Stricter EB-5 Rules Are Coming Soon. Advocates Hope Trump Kills Them.
The EB-5 program allocates 10,000 visas per year for foreigners and their family members who collectively pitch in billions of dollars toward development projects in the U.S.
But the program has been beset by so much fraud and abuse that the U.S. Citizenship and Immigration Services has spent two and a half years working on updated regulations to stem problems. Those rules have been expected to be formalized any day now, but industry players who might be negatively affected by them have been urging the Trump administration to step in and stop them. If that doesn't happen, the groups could sue.
Ronnie Fieldstone, a Miami attorney who specializes in EB-5, told Bisnow that in the past six months or so, different factions within the EB-5 industry — such as Invest in the USA, the EB-5 Coalition, the U.S. Chamber of Commerce and some construction unions — have coalesced and coordinated their lobbying efforts behind the scenes.
"There's a reasonable likelihood the administration will pull the proposed regulations," Fieldstone said. "They're too restrictive."
Some of the country's most high-profile projects, from Miami's $3B Worldcenter to New York's Hudson Yards, have been built using EB-5 money. To qualify for EB-5 visas, foreigners must invest at least $500K in job-creating projects in rural areas or areas with high unemployment (called targeted employment areas, or TEAs), or $1M in other areas.
But TEAs have been gerrymandered so that even projects in high-income areas can qualify for the lower investment threshold. Thus, even projects like Hudson Yards — a futuristic, glass-clad mini-city criticized as a playground for the uber-wealthy — have benefited. Several projects tied to the family of White House Senior Adviser Jared Kushner have also used the program.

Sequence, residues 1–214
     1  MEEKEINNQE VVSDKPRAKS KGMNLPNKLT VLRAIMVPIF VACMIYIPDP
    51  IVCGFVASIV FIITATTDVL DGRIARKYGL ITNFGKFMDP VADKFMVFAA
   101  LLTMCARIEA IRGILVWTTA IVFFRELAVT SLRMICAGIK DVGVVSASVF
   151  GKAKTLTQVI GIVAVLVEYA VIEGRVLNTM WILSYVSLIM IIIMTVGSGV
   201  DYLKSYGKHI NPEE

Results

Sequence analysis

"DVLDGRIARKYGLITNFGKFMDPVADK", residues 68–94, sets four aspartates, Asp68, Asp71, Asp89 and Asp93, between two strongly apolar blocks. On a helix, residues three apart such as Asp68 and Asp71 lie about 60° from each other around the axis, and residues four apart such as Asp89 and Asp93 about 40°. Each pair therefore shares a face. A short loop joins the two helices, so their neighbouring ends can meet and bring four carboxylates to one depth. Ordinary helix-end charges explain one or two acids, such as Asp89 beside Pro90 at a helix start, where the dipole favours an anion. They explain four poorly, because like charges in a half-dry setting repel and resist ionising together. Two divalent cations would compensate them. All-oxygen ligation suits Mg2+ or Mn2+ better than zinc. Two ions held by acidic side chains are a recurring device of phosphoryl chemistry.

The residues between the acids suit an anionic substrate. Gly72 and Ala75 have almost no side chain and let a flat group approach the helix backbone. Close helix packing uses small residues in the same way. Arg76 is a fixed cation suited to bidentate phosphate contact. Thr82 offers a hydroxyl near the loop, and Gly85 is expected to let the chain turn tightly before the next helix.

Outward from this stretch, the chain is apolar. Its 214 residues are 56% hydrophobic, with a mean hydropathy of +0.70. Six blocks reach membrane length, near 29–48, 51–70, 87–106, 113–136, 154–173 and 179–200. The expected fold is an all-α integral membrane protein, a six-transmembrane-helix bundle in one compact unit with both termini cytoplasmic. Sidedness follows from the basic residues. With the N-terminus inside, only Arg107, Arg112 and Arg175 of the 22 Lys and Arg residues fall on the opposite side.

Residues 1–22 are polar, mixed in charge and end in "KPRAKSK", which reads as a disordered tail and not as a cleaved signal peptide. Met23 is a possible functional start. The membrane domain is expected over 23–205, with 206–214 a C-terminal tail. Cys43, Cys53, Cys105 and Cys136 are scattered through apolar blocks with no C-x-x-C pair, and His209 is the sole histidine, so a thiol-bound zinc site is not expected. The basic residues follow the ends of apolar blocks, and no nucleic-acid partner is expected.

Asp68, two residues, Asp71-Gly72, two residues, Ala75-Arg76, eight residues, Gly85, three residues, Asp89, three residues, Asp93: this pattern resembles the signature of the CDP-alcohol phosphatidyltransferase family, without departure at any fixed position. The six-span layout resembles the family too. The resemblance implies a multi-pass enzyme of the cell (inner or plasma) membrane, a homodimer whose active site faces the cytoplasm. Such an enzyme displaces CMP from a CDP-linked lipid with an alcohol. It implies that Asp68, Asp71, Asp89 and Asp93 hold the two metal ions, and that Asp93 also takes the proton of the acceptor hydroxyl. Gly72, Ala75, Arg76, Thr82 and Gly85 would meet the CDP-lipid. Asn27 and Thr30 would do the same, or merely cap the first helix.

For developers, the EB-5 program has provided cheap capital, loaned at as low as 0.25% interest. The program was established in 1990 but especially boomed when banks tightened lending after the 2008 housing crash and subsequent Great Recession.
The Government Accountability Office, the Securities and Exchange Commission and USCIS have all been busy fighting EB-5 fraud schemes for years, some of which have national security risks. Tuesday in floor remarks, Sen. Chuck Grassley (R-Iowa), perhaps the leading congressional critic of the EB-5 program, pointed out examples of EB-5 fraud from all over the country: a $150M fraud in Chicago, a $50M fraud in Palm Beach and a $7.6M fraud in Wisconsin.
"I could go on all day," he said, and urged President Donald Trump to hurry the reforms. "Instead of channeling investment to rural and high-unemployment areas, EB-5 has become a source of cheap foreign capital for big-city, big-moneyed interests."
After attempted EB-5 reforms failed to pass in Congress earlier this decade, the USCIS in 2017 proposed administrative changes to its rules. After being reviewed and tweaked, the new regulations would go into effect either 30 or 60 days after being published in the Federal Register, which is expected soon. Asked by Bisnow for a status update, a USCIS spokesperson only said, “USCIS is committed to reforming the EB-5 program and has been working to draft and finalize new rules to improve its integrity.”